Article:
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The (Only) Important Lesson from the SEC vs. Goldman

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The SEC's case against Goldman sounds really, really bad; "fraud," after all, is just such a strong word. But it's hard to appreciate much more about the case unless you happen to speak the obscure language of derivative structured credit transactions. As you'll see, stripped of the lingo, the case is easy to understand. Its important lesson is not so much that GS can be unpleasant as a counterparty (what a shock); instead, the crucial point is how much of the "financial engineering" of the past few years has rewarded the bankers for doing nothing but introducing risk into the system.

The first thing you need to know is how Credit Default Swaps, CDSs, work. Think: "an insurance policy's evil twin." A CDS can indeed provide protection against the risk that an issuer will default on a bond: if I own a GE bond and am concerned it might not pay, I can buy a CDS against it to cover myself.

What's the problem? That I can buy a CDS that pays off in the event of a GE default even if I don't own a GE bond. To buy a real insurance policy, I have to have an "insurable interest" in the object being insured. That's why I can't buy a policy against your house burning down. A good rule, as otherwise I might be tempted to buy a policy and torch your place. This lack of an "insurable interest" requirement creates some nasty incentives in the real world; just ask Lehman Brothers, or Greece.

Next, let's look at CDOs, Collateralized Debt Obligations. These come in two varieties, "real" and "synthetic". As you might guess, the former are relatively wholesome and serve a genuine economic function; the latter are dangerous and do not.

Real CDOs are bonds backed holds pools of debt obligations. A so-called SPV, a special purpose vehicle, raises money by issuing bonds, uses that money to buy big pools of mortgages, and then uses the mortgage payments to pay off the bonds. These instruments have been central to the housing market for years: banks sell off the mortgages they originate, get fresh capital to lend, and do it again.

Now, we get to the structure at the heart of the Goldman case, synthetic CDOs. These are strange and dangerous beasts, so stay with me. Here, the SPV doesn't buy mortgages or bonds or anything real at all. Instead, synthetic CDOs just provide a way to wager on how someone else's (real) CDOs will perform.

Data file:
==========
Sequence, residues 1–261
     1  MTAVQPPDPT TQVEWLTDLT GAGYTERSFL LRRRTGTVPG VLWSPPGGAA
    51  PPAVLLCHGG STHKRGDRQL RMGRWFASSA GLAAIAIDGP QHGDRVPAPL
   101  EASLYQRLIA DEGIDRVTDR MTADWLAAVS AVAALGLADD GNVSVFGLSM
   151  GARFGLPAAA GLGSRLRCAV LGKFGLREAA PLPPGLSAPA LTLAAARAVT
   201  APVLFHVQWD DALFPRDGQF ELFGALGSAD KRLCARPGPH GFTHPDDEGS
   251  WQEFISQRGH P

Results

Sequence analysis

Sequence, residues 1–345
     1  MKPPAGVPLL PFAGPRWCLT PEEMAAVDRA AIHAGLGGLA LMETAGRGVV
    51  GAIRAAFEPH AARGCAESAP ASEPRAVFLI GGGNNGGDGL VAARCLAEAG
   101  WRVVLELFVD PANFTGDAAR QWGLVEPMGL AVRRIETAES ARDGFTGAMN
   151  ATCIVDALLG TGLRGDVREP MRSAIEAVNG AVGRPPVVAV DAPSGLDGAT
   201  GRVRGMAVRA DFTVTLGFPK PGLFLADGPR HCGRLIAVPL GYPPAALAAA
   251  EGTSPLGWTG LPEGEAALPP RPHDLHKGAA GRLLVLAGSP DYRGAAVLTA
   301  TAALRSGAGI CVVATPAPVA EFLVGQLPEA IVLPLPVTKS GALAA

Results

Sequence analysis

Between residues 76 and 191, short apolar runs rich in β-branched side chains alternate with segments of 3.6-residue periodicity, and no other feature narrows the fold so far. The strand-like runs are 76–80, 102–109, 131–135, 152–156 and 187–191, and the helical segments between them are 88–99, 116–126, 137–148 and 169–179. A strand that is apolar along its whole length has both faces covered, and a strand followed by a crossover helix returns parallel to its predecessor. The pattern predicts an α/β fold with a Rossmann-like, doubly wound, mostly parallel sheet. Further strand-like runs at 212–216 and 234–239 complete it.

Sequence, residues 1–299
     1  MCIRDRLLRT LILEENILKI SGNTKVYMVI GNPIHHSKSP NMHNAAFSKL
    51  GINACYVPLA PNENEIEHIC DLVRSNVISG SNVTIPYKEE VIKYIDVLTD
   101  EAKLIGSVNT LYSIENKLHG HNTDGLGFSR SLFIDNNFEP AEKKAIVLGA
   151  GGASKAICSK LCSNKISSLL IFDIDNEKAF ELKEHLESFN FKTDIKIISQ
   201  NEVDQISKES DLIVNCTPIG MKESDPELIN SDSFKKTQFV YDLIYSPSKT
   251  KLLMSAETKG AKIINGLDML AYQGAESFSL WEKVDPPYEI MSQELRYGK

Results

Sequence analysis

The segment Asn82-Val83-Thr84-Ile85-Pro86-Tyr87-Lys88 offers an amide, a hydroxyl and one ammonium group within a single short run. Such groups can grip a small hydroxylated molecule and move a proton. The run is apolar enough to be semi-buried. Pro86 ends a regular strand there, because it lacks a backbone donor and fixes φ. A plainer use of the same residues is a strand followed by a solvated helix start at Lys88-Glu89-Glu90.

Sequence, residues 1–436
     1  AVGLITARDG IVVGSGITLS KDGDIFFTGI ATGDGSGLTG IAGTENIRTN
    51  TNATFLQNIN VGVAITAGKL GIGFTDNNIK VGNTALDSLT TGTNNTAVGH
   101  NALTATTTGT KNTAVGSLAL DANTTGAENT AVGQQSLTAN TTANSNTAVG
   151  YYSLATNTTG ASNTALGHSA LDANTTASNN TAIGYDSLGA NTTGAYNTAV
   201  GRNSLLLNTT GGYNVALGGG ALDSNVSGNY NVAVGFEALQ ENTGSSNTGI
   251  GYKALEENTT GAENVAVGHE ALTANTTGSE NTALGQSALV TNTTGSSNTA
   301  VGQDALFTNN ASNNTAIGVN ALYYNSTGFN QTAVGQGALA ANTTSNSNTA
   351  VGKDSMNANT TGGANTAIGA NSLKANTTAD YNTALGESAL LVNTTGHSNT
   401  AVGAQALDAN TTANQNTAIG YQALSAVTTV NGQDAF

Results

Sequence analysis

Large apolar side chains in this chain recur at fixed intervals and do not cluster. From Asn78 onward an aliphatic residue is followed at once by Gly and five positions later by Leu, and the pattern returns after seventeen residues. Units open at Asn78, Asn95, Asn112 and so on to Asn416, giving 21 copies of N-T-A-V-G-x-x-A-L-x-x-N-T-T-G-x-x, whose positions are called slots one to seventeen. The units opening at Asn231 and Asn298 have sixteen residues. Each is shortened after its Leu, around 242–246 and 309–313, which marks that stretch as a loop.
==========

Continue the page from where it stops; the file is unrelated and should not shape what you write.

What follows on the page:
It's like betting on a sporting event, with the SPV as the bookie. An entity known as a "selection agent" picks the pile of CDOs on which wagers will be taken, known as the "reference" securities. Investors who think this group of CDOs will pay off as scheduled (again, to whoever really owns them, not the investor in the synthetic... he's just a spectator) go "long" by buying bonds from the SPV. Folks who want to take the "short" side of the bet buy a CDS from the SPV. The SPV, our bookie, holds the proceeds from the long and short sides, and pays out to the winner.

The beauty of this structure from Wall Street's standpoint is that the deal does not involve the purchase of anything; it's the ultimate "derivative". A single mortgage-backed bond can be "referenced" -- bet upon-- over and over again. So, all a banker has to do is find long and short players to match up. It's a great way to generate fees, but creates no economic value. Worse, in fact: these structures generated a devastating multiplier effect when the real mortgage-backed bonds "referenced" in so many deals began to default.

The Goldman case itself? It's all about that selection agent. Normally, that's an independent expert with a stake in the portfolio's success. But here, the SEC claims that the portfolio was actually selected by the fearsome Paulson & Co. hedge fund, which took the short side of the deal. In fact, says the SEC, the whole scheme was Paulson's idea: the fund had assembled a list of the biggest CDO stinkers it could find, and then approached Goldman with the idea of creating a synthetic CDO just so they could profit when the junk went south.

Even Goldman salesmen would struggle to place the long side of the deal with that history. So, the SEC says, Goldman misled a well-respected selection agent, ACA, into reluctantly approving Paulson's born-to-fail portfolio by claiming Paulson was going long in the deal. The SEC alleges fraud in Goldman's failure to disclose these "facts" to the few very sophisticated institutions that invested, which lost a billion bucks or so to Paulson on the trade.

Goldman denies all this. It says it never told ACA that Paulson was going long, and that ACA did ultimately pick the portfolio. Moreover, it says everyone involved was experienced and capable of making independent judgments about the portfolio (not a bad point).

What should we take from all this? Personally, I just don't care about purported conflicts of interest among players at this level. To me, what the case really illustrates is how often Wall Street "innovation," like synthetic CDOs, are just new casino games that generate big profits for the house, but only huge risks for our economy.